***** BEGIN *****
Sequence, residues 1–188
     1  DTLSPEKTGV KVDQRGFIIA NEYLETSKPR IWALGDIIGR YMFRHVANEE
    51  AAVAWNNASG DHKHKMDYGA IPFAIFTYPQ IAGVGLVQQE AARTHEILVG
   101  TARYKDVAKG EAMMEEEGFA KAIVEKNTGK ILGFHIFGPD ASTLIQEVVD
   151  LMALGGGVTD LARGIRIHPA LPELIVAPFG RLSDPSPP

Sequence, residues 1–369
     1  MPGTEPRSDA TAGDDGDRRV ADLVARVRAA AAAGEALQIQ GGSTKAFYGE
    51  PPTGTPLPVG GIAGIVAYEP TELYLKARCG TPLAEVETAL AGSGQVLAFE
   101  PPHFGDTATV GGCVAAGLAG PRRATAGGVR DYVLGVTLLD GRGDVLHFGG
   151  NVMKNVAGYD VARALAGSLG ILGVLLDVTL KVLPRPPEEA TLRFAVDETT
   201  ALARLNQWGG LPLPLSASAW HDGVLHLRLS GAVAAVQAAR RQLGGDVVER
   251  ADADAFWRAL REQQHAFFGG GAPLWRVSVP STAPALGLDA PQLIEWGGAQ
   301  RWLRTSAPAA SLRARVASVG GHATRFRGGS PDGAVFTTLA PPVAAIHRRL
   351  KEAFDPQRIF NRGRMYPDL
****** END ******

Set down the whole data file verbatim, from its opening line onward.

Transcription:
Sequence, residues 1–188
     1  DTLSPEKTGV KVDQRGFIIA NEYLETSKPR IWALGDIIGR YMFRHVANEE
    51  AAVAWNNASG DHKHKMDYGA IPFAIFTYPQ IAGVGLVQQE AARTHEILVG
   101  TARYKDVAKG EAMMEEEGFA KAIVEKNTGK ILGFHIFGPD ASTLIQEVVD
   151  LMALGGGVTD LARGIRIHPA LPELIVAPFG RLSDPSPP

Sequence, residues 1–369
     1  MPGTEPRSDA TAGDDGDRRV ADLVARVRAA AAAGEALQIQ GGSTKAFYGE
    51  PPTGTPLPVG GIAGIVAYEP TELYLKARCG TPLAEVETAL AGSGQVLAFE
   101  PPHFGDTATV GGCVAAGLAG PRRATAGGVR DYVLGVTLLD GRGDVLHFGG
   151  NVMKNVAGYD VARALAGSLG ILGVLLDVTL KVLPRPPEEA TLRFAVDETT
   201  ALARLNQWGG LPLPLSASAW HDGVLHLRLS GAVAAVQAAR RQLGGDVVER
   251  ADADAFWRAL REQQHAFFGG GAPLWRVSVP STAPALGLDA PQLIEWGGAQ
   301  RWLRTSAPAA SLRARVASVG GHATRFRGGS PDGAVFTTLA PPVAAIHRRL
   351  KEAFDPQRIF NRGRMYPDL